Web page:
**Molar mass of Urea (CH4N2O) is ****60.056 g/mol****.**

Well, now you have come to know the molar mass of Urea.

But how can you get this value?

Let me show you the calculation to get the molar mass of Urea (CH4N2O).

If you are a visual learner like me, then here is a short one minute video for you.

## Urea (CH4N2O) Molar Mass Calculation

If you have a periodic table with you, then you can easily calculate the molar mass of Urea (CH4N2O).

Because the molar mass of any molecule (or compound) can be calculated by simply adding the molar masses of individual atoms.

Now here we have to find the molar mass of Urea (CH4N2O).

So for that, have a look at the periodic table given below.

You can see the molar mass value of all the atoms from this periodic table.

Now in Urea (CH4N2O), there is 1 Carbon atom, 4 Hydrogen atoms, 2 Nitrogen atoms and 1 Oxygen atom.

So let’s look at the molar mass of Carbon, Hydrogen, Nitrogen and Oxygen from the above periodic table.

You can see that;

The molar mass of Carbon is **12.011 g/mol**. ^{[1]}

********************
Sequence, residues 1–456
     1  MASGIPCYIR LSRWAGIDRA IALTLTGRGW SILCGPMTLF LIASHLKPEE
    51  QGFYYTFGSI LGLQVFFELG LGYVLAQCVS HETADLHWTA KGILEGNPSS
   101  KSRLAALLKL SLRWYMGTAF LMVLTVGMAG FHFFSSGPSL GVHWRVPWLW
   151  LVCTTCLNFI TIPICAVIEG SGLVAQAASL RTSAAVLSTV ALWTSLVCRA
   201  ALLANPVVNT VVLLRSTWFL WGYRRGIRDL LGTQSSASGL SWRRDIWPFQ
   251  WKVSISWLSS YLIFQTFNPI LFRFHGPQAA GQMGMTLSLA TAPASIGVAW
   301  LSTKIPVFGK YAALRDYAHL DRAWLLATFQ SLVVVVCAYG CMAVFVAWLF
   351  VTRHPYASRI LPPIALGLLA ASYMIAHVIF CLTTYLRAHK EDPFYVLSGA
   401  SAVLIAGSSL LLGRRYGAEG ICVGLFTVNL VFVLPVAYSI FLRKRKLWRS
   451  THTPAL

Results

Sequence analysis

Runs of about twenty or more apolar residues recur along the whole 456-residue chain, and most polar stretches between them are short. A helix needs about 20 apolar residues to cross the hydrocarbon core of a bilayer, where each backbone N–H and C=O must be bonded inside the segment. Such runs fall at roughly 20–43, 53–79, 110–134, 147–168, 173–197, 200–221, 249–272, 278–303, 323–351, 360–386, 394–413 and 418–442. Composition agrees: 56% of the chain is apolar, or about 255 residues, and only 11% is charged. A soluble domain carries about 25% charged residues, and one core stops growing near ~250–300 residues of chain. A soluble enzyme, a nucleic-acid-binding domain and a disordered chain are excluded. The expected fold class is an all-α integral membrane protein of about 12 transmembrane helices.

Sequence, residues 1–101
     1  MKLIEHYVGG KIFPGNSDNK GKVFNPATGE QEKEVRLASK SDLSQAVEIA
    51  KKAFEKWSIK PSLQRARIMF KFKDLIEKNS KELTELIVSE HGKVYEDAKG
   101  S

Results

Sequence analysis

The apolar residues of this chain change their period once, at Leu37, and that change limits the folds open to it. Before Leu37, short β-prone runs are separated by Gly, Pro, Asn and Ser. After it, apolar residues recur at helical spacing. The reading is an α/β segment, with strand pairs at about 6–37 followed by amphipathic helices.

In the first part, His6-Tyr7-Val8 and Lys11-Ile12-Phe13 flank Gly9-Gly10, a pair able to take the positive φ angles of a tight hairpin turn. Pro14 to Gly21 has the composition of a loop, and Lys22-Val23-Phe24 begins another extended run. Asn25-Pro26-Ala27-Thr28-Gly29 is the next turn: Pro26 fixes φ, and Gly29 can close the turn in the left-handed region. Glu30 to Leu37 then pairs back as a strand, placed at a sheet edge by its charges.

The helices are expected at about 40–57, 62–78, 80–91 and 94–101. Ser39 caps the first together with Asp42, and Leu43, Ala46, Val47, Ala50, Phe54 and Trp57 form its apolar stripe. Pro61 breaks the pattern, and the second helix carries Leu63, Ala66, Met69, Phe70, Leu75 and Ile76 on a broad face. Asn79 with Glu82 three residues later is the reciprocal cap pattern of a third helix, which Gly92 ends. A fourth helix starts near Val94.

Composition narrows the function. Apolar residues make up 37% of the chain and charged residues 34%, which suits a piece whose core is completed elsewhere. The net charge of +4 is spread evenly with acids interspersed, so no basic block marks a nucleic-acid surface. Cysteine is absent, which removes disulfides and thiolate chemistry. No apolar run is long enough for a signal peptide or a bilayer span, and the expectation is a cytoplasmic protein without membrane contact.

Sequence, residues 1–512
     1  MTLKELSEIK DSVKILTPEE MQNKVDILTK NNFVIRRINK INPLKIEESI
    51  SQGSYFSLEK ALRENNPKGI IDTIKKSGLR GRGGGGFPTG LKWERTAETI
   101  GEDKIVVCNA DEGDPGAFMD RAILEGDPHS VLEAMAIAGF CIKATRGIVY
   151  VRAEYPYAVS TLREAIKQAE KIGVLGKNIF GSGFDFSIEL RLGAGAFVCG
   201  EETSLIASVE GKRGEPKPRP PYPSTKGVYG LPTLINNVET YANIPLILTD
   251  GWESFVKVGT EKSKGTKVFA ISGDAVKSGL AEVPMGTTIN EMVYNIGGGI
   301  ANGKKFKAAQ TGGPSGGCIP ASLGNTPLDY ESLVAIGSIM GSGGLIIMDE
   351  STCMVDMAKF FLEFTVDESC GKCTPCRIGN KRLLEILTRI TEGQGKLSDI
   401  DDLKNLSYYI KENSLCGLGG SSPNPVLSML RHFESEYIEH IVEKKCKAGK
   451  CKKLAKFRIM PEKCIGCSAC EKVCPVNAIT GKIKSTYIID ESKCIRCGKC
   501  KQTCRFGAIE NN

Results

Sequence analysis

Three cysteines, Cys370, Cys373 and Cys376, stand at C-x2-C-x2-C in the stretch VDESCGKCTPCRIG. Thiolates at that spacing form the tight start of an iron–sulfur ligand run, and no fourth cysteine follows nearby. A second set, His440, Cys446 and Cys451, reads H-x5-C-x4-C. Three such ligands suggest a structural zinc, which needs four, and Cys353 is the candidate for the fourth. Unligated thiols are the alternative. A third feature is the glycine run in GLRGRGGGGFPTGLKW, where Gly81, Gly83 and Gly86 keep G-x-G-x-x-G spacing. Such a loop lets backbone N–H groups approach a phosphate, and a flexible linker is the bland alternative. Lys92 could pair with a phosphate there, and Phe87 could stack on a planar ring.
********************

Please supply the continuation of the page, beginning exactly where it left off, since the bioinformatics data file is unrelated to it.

The molar mass of Hydrogen is **1.008 g/mol**. ^{[2]}

The molar mass of Nitrogen is **14.007 g/mol**. ^{[3]}

The molar mass of Oxygen is **15.999 g/mol**. ^{[4]}

Now, to calculate the molar mass of Urea, you just have to add the molar mass of all the individual atoms that are present in Urea.

You can see that in Urea (CH4N2O), there is 1 Carbon atom, 4 Hydrogen atoms, 2 Nitrogen atoms and 1 Oxygen atom.

**So, Molar mass of Urea (CH4N2O) = Molar mass of 1 Carbon (C) atom + Molar mass of 4 Hydrogen (H) atoms + Molar mass of 2 Nitrogen (N) atoms + Molar mass of 1 Oxygen (O) atom.****= 12.011 + (1.008) 4 + (14.007) 2 + 15.999****= 12.011 + 4.032 + 28.014 + 15.999****= 60.056 g/mol**

**Hence the Molar mass of Urea (CH4N2O) is ****60.056 g/mol****.**

I hope you have understood the short and simple calculation for finding the molar mass of Urea.

**Remember**

- In some books, you may see the unit of molar mass as grams/mole or g/mole. But all these units (i.e g/mol, grams/mole and g/mole) are the same.
- Always follow the calculation order to avoid any mistakes in calculation. First solve the brackets, then multiplications and at last do the final addition.
- And don’t forget to put the unit g/mol to your final calculated molar mass.

**Check out other related topics for more practice;**

AgCl (Silver chloride) Molar Mass

Fe2O3 Molar Mass

I2 Molar Mass

KBr (Potassium bromide) Molar Mass

F2 Molar Mass

Jay is an educator and has helped more than 100,000 students in their studies by providing simple and easy explanations on different science-related topics. With a desire to make learning accessible for everyone, he founded Knords Learning, an online learning platform that provides students with easily understandable explanations.

Read more about our Editorial process.